- Grain Buds, and; Pine Garden, and: Fragment
Facing watery light and shadow, afternoon'sfitful breezes lose their way among the branchesA waxbill flies down from the roofflits past, halting atmy brimming basin of waterforces himself to calm his boundless astonishmentLike a lonely moment in a dream, on an unfamiliarlast patch of soil, he sips nervouslyMy weary heart starts beating wildlyA broken drum sounding seven paces away [End Page 150]
The time I turned and saw the twilight darkeningand behind the first stars on the horizon, the quiver of Sagittariusbrightened and in front of me a thick layer of pine needlesand on both sides of the quiver, glowing agate and fine jade This was not the whole mystery. In the distance hills pleaded with me to stay, streams were unwilling to let me go
Once, I coursed down a meandering trail like a silent riverlooked up and counted the tender green needles of pinesFrom among those graceful trees the night set freefireflies and from the sky, a wide and perfect ripeness descended with nerve ending keen beyond compare, touching and caressing. See how heavy the dew is on grasses
Moonlight, late rising on a tranquil night, envelops the pondto see its own reflection, shines in the centerSuppose I say we too were once like unsleeping fish listeningto the night, surely after the tide of pines subsided perhaps moving, dimly, with the shadows of reeds and cattails toiling unceasingly between heaven and earth
As to the two ends of the scale: memory and total forgetfulnessFacts show no space divides them: a larva rolls over in a dreamwakes up a red turtledove, who swallows it whole; all the whilebirds of a different species call to one another in duet Darting sunlight above the forest floor, painting and poetry change the invisible into the whole secret [End Page 151]
A wild goose dives into the ancient poolLife sinks withinNameless ravine, lonely fruitHolding primal peace in the deep mysterious confusionA man picking flowers among reeds abruptly raises his headto catch sight of a flock of vulturesA pine fire burns on the clear lotA small tribeguarded by a hundred vulturesthrough misty rain, plagues, and superstitionsA tribe of buried totems and taboosI have seen it once—behind the mountainacross the spring, a tribe in the heart of the junglewhere rebellion and slaughter once took placeIts entire history is an episode of regret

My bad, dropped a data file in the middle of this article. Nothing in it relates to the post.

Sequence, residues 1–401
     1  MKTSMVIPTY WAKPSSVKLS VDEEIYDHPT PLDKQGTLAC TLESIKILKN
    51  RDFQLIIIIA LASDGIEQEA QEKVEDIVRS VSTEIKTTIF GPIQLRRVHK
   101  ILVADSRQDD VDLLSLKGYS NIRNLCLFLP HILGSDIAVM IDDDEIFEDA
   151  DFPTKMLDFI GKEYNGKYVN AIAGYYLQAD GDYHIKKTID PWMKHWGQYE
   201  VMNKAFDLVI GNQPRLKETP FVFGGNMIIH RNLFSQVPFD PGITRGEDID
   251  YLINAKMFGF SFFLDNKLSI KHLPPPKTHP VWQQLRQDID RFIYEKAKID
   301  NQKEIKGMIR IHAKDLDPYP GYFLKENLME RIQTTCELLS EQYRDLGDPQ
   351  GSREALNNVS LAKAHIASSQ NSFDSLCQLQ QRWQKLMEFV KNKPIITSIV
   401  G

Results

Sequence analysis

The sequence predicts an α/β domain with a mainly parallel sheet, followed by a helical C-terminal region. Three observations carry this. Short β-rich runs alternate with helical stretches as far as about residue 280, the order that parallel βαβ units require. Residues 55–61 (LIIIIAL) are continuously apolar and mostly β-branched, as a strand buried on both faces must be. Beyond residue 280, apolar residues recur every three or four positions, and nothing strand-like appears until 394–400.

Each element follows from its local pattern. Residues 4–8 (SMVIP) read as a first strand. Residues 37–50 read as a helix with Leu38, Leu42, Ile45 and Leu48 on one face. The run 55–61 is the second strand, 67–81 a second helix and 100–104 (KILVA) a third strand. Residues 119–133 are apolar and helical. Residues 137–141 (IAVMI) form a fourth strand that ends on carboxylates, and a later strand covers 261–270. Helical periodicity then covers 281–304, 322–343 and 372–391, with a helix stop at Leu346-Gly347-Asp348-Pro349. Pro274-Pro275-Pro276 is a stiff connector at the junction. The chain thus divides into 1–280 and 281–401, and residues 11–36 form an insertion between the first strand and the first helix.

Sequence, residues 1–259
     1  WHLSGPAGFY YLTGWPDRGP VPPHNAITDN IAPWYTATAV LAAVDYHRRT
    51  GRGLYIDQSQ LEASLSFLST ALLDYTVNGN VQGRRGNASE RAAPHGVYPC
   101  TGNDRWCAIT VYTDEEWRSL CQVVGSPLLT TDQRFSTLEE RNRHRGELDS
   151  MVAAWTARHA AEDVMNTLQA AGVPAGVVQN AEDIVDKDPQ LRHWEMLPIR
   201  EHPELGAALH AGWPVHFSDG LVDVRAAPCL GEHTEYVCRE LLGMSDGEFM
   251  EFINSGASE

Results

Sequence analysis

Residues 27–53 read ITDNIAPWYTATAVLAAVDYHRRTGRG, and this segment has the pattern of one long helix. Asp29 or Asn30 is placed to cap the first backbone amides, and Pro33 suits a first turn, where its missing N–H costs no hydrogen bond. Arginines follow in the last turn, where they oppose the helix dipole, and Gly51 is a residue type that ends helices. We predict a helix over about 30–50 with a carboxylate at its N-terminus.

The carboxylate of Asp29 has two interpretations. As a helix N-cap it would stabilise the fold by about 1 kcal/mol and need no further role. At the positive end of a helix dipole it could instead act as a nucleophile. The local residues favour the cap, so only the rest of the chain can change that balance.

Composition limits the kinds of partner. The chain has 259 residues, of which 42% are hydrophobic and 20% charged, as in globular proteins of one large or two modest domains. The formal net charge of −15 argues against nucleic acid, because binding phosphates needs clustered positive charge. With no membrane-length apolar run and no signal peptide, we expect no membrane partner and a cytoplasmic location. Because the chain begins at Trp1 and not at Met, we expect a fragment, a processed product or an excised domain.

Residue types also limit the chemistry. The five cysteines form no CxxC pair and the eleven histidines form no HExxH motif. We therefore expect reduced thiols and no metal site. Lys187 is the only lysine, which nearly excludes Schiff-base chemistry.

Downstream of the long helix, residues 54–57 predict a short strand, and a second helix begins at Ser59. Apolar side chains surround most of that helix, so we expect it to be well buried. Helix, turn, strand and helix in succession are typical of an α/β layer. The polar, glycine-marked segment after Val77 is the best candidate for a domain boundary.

The wind is time sighing, fiery twilight on wateras red as the timeless blood behind the mountainI lean against a giant treethat resembles memory, so oldand stern but stillsustaining me, allowing me to sighto feel its growth and helplessnessand pass on the legend about a small tribe that once lived. [End Page 152]
Yang Mu 杨牧 was born in Taiwan in 1940. His over sixty books of poetry and prose include Hawk of the Mind: Collected Poems (2015) and Memories of Mount Qilai: The Education of a Young Poet (2015). He has received the Newman Prize for Chinese Literature and the Cikada Prize (Sweden). He is professor emeritus at the University of Washington, Seattle; distinguished professor at National Normal University, Taipei; and distinguished professor emeritus at Dong Hwa University, Hualien, Taiwan.
Andrea Lingenfelter is the translator of The Last Princess of Manchuria (1992) and Farewell My Concubine (1993) by Li Pik-wah (Lilian Lee), and Candy by Mian Mian (2003). Her other translations include The Changing Room: Selected Poetry of Zhai Yongming (2012), winner of the Northern California Book Award, and The Kite Family (2005), a collection of Hon Lai Chu's surrealistic short fiction, for which he was awarded an NEA translation fellowship. She teaches at the University of San Francisco.
Michelle Yeh is Distinguished Professor in the Department of East Asian Languages and Cultures at the University of California, Davis. She is...